- the ability and confidence to learn on their own
- the habit of critically analyzing, rather than mindlessly accepting, what they see or hear, and
- the ability to express themselves well in writing and in speech, logically supporting their point of view.
Christopher, fourteen, gave up a promising future as a competitive swimmer to work toward his long range musical goals. He now spends several hours a day practicing the violin and has won a number of musical awards. He is a member of scholarship orchestra and takes classes in music theory outside the home. He has composed numerous pieces, including a communion hymn sung in our church. Also interested in computer programming, he found resources to learn on his own and has begun writing his own programs.
Clea, eighteen, spent several years as a competitive gymnast. Her interest in great Russian Olympic figures led to a study of the Russian people. Last summer she had an opportunity to combine her love of learning about other people and their cultures, past and present, with her interest in studying and sharing about the Bible. She spent ten days in Russia as part of the Josh McDowell Ministry’s outreach. She has since studied Russian at a local college, hoping to return. She will be attending the University of Delaware this fall and was granted scholarships, in part, due to her well-written essay. We realize that she will be exposed to theories and philosophies contradictory to Christianity, and if she had been taught only what to think, not how, like many children, we would be fearful of sending her into such classrooms. But, her father and I believe she has studied to show herself approved and is prepared, like Jude said, to “contend earnestly for the faith.”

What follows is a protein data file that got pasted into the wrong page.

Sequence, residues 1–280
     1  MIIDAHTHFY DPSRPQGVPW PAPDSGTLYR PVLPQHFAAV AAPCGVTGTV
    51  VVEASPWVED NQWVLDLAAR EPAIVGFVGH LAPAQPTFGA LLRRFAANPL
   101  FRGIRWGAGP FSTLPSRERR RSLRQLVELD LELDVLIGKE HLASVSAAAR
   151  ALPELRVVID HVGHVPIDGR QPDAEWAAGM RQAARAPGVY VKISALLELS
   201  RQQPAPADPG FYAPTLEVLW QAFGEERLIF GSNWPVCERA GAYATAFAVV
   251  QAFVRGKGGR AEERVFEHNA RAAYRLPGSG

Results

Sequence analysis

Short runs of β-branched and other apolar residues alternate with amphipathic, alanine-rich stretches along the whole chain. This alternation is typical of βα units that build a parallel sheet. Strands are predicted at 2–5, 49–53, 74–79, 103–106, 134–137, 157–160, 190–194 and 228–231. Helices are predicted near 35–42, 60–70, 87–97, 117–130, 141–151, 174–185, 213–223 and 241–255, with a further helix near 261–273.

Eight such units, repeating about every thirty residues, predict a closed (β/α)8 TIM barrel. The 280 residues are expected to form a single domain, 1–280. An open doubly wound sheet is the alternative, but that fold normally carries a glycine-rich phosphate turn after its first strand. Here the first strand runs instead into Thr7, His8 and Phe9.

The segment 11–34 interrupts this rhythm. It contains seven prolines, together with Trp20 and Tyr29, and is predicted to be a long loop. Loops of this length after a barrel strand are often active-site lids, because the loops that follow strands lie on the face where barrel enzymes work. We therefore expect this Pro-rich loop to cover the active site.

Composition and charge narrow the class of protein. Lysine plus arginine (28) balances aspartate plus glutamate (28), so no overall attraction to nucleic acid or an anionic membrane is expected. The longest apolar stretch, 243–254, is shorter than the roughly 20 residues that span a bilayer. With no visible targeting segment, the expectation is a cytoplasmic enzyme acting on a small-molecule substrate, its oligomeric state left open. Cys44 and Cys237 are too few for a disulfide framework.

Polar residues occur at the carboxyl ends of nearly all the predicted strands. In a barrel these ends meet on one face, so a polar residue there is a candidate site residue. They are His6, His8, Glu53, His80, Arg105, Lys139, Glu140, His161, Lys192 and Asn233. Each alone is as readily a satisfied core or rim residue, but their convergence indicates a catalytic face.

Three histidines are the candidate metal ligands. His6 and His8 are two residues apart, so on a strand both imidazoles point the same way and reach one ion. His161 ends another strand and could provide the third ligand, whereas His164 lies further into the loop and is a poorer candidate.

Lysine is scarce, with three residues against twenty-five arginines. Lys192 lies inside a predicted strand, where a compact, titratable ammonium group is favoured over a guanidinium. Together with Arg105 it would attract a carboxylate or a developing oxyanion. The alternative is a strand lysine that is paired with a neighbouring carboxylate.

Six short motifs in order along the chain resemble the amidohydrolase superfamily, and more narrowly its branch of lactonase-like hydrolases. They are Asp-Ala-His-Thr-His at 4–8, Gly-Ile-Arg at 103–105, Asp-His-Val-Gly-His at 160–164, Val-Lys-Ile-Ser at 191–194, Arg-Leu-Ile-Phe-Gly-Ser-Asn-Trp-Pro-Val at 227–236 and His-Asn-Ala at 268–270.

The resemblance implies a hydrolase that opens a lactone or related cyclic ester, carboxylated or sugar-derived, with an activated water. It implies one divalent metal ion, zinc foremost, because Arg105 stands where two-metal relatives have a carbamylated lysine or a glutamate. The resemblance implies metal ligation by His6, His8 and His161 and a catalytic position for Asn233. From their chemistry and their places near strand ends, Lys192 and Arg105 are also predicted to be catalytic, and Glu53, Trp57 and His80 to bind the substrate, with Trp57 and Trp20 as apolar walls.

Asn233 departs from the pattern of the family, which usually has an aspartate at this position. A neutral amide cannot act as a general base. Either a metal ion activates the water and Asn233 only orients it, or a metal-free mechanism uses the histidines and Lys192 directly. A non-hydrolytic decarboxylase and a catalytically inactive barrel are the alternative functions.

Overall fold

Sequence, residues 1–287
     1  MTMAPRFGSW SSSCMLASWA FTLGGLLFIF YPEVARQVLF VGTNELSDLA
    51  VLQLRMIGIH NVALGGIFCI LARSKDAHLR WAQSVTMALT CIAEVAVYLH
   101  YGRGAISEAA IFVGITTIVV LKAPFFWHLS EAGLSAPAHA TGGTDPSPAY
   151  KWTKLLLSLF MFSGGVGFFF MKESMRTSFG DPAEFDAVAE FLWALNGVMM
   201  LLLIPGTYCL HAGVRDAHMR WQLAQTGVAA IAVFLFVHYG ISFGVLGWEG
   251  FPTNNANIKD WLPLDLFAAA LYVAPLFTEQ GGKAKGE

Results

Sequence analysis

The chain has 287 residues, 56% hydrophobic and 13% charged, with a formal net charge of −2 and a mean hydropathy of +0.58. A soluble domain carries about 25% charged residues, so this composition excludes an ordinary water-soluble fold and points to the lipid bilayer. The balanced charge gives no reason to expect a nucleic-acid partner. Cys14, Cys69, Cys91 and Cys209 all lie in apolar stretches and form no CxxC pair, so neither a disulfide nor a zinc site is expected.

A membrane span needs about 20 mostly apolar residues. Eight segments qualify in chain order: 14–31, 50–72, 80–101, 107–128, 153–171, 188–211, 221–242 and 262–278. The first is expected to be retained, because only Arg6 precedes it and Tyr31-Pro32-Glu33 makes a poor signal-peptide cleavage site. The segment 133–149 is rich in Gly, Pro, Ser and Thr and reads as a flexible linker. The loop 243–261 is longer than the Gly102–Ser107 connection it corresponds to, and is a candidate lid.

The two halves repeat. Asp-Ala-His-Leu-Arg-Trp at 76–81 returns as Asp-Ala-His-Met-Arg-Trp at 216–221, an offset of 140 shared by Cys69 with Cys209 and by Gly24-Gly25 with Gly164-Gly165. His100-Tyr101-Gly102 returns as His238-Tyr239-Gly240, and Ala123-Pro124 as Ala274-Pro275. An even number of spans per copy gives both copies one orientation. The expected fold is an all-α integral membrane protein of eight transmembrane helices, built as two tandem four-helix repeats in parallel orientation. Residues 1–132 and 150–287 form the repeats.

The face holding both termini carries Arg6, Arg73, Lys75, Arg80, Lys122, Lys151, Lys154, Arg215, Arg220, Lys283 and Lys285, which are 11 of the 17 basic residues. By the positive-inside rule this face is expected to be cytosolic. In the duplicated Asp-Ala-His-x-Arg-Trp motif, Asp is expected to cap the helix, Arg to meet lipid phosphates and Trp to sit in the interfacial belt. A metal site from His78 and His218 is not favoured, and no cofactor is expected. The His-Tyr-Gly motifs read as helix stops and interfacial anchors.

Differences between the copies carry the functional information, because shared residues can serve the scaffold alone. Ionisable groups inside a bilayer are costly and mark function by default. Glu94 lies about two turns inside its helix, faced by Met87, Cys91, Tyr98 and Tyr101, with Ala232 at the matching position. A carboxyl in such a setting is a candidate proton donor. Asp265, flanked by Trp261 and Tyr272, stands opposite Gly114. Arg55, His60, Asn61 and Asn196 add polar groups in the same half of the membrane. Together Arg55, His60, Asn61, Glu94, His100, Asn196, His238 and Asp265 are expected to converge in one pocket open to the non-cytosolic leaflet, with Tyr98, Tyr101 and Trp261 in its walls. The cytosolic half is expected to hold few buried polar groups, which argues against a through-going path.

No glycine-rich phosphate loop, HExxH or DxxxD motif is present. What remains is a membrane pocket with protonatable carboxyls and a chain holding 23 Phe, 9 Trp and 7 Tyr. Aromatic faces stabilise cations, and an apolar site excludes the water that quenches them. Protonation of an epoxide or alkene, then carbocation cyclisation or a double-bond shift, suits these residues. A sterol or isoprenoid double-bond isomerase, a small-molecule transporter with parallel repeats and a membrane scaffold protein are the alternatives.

The teaching suggestions and objectives included in Design-A-Study books give every homeschooling family the opportunity to do what I have done. One example stands out in my mind. A couple of years ago I met with a worried mother and her thirteen-year-old, learning disabled son. After six years in special education classes he was still unable to read. Discouraged and depressed because of the taunts of his classmates, he saw himself as worthless and was interested in little but watching television alone. His mother decided to teach him at home. Using Design-A-Study books, she whet his appetite while covering ground in history and literature by reading out loud from a number of library books. She followed that up with videos and trips to local historical sites. Science and math were hands-on. Compositions were dictated. Throughout each day they worked together on phonics using the Natural Speller along with additional activities I suggested for teaching reading. At our second meeting only three months later, he read to me! His eyes lit up as he told me all the “neat stuff” they’d been doing. His mother beamed and told me that he was a new person. Two years later, her still confident son is reading at a seventh grade level and eagerly working part-time with his father to learn a trade.